Bankia reported 4Q16 net profit of €73m, largely in-line with consensus of €72m. As reported by Citi Research, good operating metrics were overshadowed by worse asset quality and capital as the bank cleaned up its balance sheet as a result of the recent Bank of Spain circular. Furthermore, they point that 2017 consensus estimates may be up 1-2% but the asset quality miss could weigh on the shares in the short -term .
The banks’ non-performing loans ratio continues to show signs of recovery amid the ongoing deleveraging process on the part of households and companies. The balance of impaired loans fell by 18.3% in May to 121,865 billion euros. Against this backdrop, Banco Sabadell and Bankia were the first banks to present their first half results’ report. And the Spanish stock market reacted in a completely different way to each report.
Fernando Fernández is a member of the board at Bankia and Red Eléctrica. Apart from the challenges presented by the macroeconomic environment and the technology revolution, he believes that Spain’s banks have to establish a new kind of relationship with their clients and consolidate the sector’s new size.
Deutsche Bank is still betting on the Spanish property market and has bought €400 million in doubtful property developer loans from Bankia. The deal was carried out by the German bank’s funds, which could have paid around 150 million euros for the assets.
Bankia, the lender which had to be bailed-out in 2012 with more than 22 billion euros of taxpayers’ money, is in the news because of the money it has now returned to its minority shareholders. Not for being the Spanish bank which recorded the biggest profits last year.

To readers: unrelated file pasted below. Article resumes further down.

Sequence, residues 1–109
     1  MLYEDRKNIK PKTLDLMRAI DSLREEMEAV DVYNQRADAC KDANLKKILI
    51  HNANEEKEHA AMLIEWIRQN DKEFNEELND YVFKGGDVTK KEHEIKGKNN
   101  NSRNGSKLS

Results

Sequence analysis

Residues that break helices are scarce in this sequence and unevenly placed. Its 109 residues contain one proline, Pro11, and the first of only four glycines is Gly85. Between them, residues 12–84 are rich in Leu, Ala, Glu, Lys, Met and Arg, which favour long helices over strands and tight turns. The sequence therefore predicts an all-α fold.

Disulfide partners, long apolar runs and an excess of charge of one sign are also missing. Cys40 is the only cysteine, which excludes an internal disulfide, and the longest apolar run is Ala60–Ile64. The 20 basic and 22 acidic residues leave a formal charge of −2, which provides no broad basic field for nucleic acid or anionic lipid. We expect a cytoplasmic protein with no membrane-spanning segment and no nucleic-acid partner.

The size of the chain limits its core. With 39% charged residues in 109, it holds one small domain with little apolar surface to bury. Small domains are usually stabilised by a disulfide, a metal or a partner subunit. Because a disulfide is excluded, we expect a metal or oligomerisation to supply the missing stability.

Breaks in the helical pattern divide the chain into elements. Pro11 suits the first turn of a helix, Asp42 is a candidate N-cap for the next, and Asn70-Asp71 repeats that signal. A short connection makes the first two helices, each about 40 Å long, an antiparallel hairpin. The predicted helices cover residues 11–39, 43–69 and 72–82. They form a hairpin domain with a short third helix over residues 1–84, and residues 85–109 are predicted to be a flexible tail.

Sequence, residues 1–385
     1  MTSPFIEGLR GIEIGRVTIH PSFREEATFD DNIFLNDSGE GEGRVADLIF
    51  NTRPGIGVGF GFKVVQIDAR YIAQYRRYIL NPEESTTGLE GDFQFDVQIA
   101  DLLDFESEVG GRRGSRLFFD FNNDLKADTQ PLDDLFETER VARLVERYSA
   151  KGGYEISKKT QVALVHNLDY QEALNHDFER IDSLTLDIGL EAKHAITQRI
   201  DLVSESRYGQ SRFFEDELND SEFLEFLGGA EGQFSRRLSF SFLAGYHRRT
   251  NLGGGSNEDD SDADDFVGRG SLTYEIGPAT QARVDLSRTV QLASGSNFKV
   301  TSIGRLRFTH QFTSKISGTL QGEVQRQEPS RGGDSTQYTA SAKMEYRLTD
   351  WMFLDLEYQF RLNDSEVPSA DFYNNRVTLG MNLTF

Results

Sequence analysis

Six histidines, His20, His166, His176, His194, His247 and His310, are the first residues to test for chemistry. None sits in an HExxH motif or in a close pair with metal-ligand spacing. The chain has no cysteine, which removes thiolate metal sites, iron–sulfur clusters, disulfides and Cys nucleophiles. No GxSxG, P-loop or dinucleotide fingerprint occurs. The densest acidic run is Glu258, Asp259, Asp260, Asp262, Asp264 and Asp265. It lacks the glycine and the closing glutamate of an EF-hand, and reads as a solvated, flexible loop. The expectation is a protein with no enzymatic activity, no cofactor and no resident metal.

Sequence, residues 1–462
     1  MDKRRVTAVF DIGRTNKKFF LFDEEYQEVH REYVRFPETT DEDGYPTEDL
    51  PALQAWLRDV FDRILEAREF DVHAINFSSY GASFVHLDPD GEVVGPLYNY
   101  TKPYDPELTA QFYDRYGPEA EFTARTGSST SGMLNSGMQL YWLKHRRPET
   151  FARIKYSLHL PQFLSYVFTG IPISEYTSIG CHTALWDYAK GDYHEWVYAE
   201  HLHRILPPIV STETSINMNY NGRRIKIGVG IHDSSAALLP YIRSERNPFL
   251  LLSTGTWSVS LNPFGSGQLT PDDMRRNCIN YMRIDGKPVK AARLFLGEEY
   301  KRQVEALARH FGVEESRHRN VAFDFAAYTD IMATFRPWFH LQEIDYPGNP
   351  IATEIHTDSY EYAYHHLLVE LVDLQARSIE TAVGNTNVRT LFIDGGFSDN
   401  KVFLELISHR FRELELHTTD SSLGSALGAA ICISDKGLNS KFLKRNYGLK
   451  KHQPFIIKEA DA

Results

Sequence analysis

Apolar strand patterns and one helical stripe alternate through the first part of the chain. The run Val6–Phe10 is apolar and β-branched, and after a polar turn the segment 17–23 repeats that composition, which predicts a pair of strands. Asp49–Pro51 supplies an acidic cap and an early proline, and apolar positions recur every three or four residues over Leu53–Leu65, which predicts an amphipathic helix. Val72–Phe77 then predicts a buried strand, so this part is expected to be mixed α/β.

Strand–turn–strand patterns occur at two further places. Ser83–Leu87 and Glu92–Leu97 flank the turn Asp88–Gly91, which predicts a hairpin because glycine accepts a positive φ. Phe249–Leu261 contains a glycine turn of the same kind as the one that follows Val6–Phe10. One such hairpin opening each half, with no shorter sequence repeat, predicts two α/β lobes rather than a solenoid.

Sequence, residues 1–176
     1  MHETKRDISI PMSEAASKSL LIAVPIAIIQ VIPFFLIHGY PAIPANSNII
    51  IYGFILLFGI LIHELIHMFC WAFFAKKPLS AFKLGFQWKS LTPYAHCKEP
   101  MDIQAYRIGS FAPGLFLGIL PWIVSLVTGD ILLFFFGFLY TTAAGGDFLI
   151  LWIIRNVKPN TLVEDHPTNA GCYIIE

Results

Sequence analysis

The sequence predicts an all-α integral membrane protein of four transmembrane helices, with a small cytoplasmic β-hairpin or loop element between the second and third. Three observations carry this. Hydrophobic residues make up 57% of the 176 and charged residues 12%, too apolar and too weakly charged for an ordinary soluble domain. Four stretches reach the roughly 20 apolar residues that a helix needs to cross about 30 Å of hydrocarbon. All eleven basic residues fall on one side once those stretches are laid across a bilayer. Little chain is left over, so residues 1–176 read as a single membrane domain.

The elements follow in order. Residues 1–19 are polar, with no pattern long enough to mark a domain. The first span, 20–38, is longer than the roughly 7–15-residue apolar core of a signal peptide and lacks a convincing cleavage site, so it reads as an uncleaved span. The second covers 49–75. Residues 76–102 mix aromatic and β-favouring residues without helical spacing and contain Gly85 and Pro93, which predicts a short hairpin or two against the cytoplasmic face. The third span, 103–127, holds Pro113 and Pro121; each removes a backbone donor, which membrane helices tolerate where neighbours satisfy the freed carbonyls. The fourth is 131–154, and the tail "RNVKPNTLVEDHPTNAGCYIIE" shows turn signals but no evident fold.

Bankia’s current management team has decided to give back to minority shareholders the money they invested in the banks’s shares in July 2011 with 1% annual interest. The proposal is a sensible one because it benefits shareholders and tax payers, as well as Bankia’s image and balance sheet.
Bankia, created from the merger of seven savings banks lead by Cajamadrid and Bancaja, and its July 2011 stock market listing, have become a major headache for many people: the bank’s shareholders, the current management team, the auditor, the Bank of Spain and the stock exchange regulatory body CNMV.
Renta 4 | Spain’s big banks H2 results expected to be weaker.
Spain’s top five banks posted a combined net profit of 7.989 billion euros in the first half of 2015, up 48 percent from a year earlier, thanks to the improving economic situation and a decline in bad loans provisions.
The Corner | July 27, 2015 | Spain’s bailed-out lender Bankia saw its first-half profit rose 11.5 percent from a year ago, as it reported on Monday. Net profit rose 10.3 per cent to €311m, versus a consensus of analysts’ expectations of €277.8m. Charges against bad debts fell and offset weaker revenue from lending.